While plenty of Megan's friends left for bigger, more exciting cities, Megan stayed to study at arts school, now part of the ANU. They went on to study teaching.

At that point, they identified as a heterosexual woman - a woman who was sexually attracted to men. At 26, Megan met the man who they would later marry. They were in a relationship for seven years before Megan finally accepted his proposal. One sunrise atop Mt Ainslie, they were married.

"I remember finding the whole experience really strange," Megan says.

"I wanted to blend in, but when you're the bride, you don't blend in very easily."

Megan says they were married for about a year before they started to have feelings for a woman.

Megan had always felt different, "wacky", but never acknowledged it was because of their gender or sexuality.

"It was like I was removed from it. It's funny how you don't necessarily think about these things."

Megan had the chance to be an artist-in-residence away from Canberra for a month, and it was that trip that changed everything.

"It was the first time I'd had any head space of my own for a very long time.

"I acknowledged I didn't know what it as, but I was attracted to some women."

The coming out happened in stages. At first, Megan told a close friend who encouraged them to explore these feeling and tell their husband.

"I did tell him, and basically the more people I told, the more I realised I was into women. It was like looking at the world from one angle and then suddenly realising I needed to take a step to the side and look at it from a different view.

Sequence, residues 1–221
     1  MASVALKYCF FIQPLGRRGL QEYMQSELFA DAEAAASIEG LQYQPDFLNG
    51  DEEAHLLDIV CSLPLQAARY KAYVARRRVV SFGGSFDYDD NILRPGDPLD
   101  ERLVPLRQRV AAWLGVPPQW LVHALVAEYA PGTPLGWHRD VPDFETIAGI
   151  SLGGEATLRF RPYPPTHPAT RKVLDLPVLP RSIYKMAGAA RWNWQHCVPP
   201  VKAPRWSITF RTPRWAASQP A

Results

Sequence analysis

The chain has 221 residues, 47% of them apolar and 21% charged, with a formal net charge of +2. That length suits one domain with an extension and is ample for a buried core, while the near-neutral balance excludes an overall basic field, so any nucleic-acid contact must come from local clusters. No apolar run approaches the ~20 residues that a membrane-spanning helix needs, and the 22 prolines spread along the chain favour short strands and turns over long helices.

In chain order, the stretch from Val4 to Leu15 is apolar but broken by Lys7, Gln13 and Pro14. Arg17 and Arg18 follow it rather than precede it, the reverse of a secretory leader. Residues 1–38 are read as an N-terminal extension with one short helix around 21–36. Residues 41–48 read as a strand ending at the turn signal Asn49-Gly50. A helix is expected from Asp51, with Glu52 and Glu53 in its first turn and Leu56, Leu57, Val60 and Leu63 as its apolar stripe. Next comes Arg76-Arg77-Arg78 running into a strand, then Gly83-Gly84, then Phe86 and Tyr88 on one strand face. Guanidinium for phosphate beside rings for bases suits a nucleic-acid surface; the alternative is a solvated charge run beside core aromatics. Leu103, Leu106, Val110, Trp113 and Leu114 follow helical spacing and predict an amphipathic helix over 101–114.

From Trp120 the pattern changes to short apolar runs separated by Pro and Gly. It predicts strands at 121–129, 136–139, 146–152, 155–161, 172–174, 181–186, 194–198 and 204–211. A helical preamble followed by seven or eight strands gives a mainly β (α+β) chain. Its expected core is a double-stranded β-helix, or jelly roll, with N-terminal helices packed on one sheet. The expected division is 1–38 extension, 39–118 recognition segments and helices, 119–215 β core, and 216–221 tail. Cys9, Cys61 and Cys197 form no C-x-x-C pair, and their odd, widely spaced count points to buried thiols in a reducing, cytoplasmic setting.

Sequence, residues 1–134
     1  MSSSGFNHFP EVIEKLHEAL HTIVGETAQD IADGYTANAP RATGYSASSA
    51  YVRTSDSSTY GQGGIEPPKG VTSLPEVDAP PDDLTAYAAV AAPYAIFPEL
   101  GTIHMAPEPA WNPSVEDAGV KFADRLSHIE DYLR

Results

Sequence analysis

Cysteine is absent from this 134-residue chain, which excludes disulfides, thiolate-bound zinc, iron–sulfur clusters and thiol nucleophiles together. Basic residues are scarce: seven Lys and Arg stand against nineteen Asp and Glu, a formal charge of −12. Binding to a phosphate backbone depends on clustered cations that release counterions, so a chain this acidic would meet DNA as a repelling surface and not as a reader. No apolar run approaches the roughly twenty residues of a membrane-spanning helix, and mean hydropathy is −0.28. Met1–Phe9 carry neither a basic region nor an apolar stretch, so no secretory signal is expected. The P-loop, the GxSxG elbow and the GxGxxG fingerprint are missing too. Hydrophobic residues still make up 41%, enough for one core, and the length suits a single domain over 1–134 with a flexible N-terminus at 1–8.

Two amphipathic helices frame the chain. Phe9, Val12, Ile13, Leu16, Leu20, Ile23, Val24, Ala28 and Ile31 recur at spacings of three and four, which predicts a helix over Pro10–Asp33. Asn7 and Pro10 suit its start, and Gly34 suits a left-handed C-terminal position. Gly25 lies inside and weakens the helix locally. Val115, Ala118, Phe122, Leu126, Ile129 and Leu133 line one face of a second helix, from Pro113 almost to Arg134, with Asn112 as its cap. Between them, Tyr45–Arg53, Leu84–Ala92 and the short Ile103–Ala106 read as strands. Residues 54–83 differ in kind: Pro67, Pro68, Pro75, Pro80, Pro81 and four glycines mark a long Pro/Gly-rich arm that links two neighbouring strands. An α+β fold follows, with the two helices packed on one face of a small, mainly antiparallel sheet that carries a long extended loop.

"It's not like I was hiding it. I didn't know this part of me was there."

Megan's parents were the last people to be told.

"That was really hard," Megan says.

"They were fine. They were a little bit worried about my future, but they were great. Dad didn't say much. He said he didn't mind who I am. My mum asked a few questions because she wanted to understand things. After that my mum continued to try and learn things."

Megan said their mum continues to be involved as a volunteer with action groups in the LGBTIQ community.

That was just the first coming out.

Megan came out as polyamorous a few years later. They have been with one partner for 10 years, and another for six.

After that, Megan came out as non-binary and gender fluid. They perform as a drag king - "I crave it because it's actually the ultimate expression of me being male" - and also as a burlesque dancer.

"I don't like to fit into being male or female. I see gender and sexuality as being on a spectrum."

Megan tries not to get too caught up in labels.

"What I've done for a long time, I just try to be really honest.

"I can't be bothered hiding. I'd rather live authentically."